Jan

18

1942

Australians ambush Japanese at the Muar River

18th January 1942: Resistance to the Japanese invasion of Malaya – Australian ambush Japanese at the Muar River

The leading tank was level with the foremost anti-tank gun when the gun sergeant (Thornton) gave a notable exhibition of courage and coolness. Turning his back on the other tanks, he fired high-explosive shells into the first three as they went down the road. When the other tanks entered the battalion perimeter they came under fire of the rear gun also. All were disabled. Although he was wounded in the engagement, Thornton prepared his gun for further action, and soon three more tanks approached the position.

Jan

17

1942

U-Boats move to the U.S. east coast

Fired stern torpedo. Target angle 90°, distance 750 meters. Running time 57 seconds. A very heavy detonation, strong, dark black smoke plume. Hit bridge. The steamer sinks immediately. As the smoke from the detonation cleared, only the masts were still visible above the water, and shortly thereafter sank. Water depth of 45 meters. I depart at maximum speed eastwards because the day is dawning and I need some more water under our keel during the day.

Jan

16

1942

Churchill returns to Britain by air

I thought perhaps I had done a rash thing that there were too many eggs in one basket. I had always regarded an Atlantic flight with awe. But the die was cast. Still, I must admit that if at breakfast, or even before luncheon, they had come to me to report that the weather had changed and we must go by sea, I should have easily reconciled myself to a voyage in the splendid ship which had come all this way to fetch us.

Jan

15

1942

Australians take on Japanese in Malaya

Under this hell of fire we at once dived flat on the ground, as it didn’t seem possible for any human being to escape the blazing fury. A barbed wire fence near us was ringing backwards and forwards from the bullets. But our skipper sang out, “On you feet men; we must take their position.” I, like all the others, expected a bullet at any period, but I had only one thing in mind – to reach the trees and kill every Jap I saw.

Jan

14

1942

“Five aircraft failed to return”

She heard a loud popping sound of a throttled back aero engine at low altitude and rushed outside to see the plane pass low to the south, with flames apparently coming from the rear. Seconds later the plane hit the ground and there was a flash and explosion. The source of the fire is unknown, but possibly an uncontrollable fire in the port Vulture engine would have given the same appearance to a ground observer.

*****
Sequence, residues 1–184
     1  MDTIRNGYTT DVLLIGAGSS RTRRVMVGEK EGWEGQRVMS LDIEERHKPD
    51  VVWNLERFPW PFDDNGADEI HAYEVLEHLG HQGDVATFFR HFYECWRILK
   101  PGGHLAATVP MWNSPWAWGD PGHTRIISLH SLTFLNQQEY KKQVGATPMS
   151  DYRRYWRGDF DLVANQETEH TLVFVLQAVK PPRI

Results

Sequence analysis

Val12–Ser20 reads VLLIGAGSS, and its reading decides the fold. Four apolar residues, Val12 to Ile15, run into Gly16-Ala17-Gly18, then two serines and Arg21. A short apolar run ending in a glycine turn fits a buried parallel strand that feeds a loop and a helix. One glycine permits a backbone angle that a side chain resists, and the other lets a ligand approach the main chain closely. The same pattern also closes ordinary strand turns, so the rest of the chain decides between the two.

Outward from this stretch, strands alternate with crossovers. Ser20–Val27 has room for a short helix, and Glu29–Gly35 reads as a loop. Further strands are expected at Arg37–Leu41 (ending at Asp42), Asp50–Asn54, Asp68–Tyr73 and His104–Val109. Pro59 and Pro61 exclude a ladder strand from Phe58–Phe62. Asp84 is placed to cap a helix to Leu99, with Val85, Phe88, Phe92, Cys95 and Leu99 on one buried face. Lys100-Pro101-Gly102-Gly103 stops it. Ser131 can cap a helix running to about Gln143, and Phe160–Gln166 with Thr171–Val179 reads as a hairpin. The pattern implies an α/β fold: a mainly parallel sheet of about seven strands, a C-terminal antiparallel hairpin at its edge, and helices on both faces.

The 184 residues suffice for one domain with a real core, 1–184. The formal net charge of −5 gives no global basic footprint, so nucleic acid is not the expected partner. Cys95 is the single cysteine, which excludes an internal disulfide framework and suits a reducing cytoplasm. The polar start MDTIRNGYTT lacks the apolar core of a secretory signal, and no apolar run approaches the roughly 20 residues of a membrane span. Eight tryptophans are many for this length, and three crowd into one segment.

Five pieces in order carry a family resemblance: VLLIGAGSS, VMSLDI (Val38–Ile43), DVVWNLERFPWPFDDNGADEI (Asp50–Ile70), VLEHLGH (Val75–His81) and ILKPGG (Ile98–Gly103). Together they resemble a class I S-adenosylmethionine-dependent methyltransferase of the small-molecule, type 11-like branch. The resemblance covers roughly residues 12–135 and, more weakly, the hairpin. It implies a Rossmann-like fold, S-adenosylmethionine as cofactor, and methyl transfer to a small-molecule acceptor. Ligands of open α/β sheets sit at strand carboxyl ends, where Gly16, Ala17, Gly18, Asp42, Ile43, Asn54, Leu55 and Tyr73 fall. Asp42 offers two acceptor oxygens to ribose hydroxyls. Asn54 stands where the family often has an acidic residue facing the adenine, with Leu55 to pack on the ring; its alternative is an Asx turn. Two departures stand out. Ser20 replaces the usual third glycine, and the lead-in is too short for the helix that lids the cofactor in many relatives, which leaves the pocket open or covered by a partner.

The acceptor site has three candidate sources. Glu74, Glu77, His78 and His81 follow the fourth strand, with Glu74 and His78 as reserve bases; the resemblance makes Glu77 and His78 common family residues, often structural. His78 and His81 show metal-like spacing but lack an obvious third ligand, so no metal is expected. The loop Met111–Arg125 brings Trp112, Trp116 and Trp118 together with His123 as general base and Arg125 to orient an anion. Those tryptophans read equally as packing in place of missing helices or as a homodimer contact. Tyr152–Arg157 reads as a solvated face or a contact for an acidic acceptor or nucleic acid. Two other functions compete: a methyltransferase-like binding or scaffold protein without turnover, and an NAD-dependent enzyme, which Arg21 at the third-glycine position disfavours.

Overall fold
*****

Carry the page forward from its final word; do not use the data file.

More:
Jan

13

1942

Daylight raid on Lowestoft kills 63

One of the worst raids on Lowestoft took place on the afternoon of 13 January 1942 the day before we were to return to school after the Christmas holiday. Some of our pupils were having tea in a café when four explosive bombs were dropped on the main shopping centre. Three of our pupils were killed including a friend from my class. It was a sad beginning to the term.

Jan

12

1942

‘Conspicious gallantry’ in desperate battles on Bataan

Enemy snipers in trees and foxholes had stopped a counterattack to regain part of position. In hand-to-hand fighting which followed, 2d Lt. Nininger repeatedly forced his way to and into the hostile position. Though exposed to heavy enemy fire, he continued to attack with rifle and hand grenades and succeeded in destroying several enemy groups in foxholes and enemy snipers.

Jan

11

1942

Long range U Boat hunters over the Atlantic

Fg. Off Peter Cundy the Liberator took off at 04.10 hours for a lengthy patrol over the Bay of Biscay. At 15.20 hours, when about 100 miles off the north-west tip of Spain, the crew saw a Heinkel Hel 15 floatplane below and beneath them. Cundy banked to allow his rear and side gunners to open fire, at a distance of 200-600 yd. They scored numerous hits but the enemy aircraft disappeared in a rain squall.

Jan

10

1942

Rommel remains confident despite retreat

Operations going as planned so far. Our mines and Luftwaffe are making things difficult for the enemy pursuit. To think that we’ve got our force back 300 miles to a good line, without suffering serious harm, and in spite of the fact that the bulk of it is non-motorised! That our “ unemployed ” generals are grousing all the time doesn’t surprise me. Criticism doesn’t cost much.

Jan

9

1942

Life on a troopship bound for overseas training

This is the first time that I have known real discomfort without any escape which money or influence or friends can provide. There is nothing to be done but to accept the situation and I really feel quite cheerful, considerably more so than most of my companions. But I never expected to experience worse than Padgate; and Padgate was luxury in comparison. We had lunch at 12.00 hours. It was edible, if not particularly appetising: a tasteless soup drunk out of our mess tins, boiled beef with potatoes and multi-coloured, bullet-like peas, and sago pudding.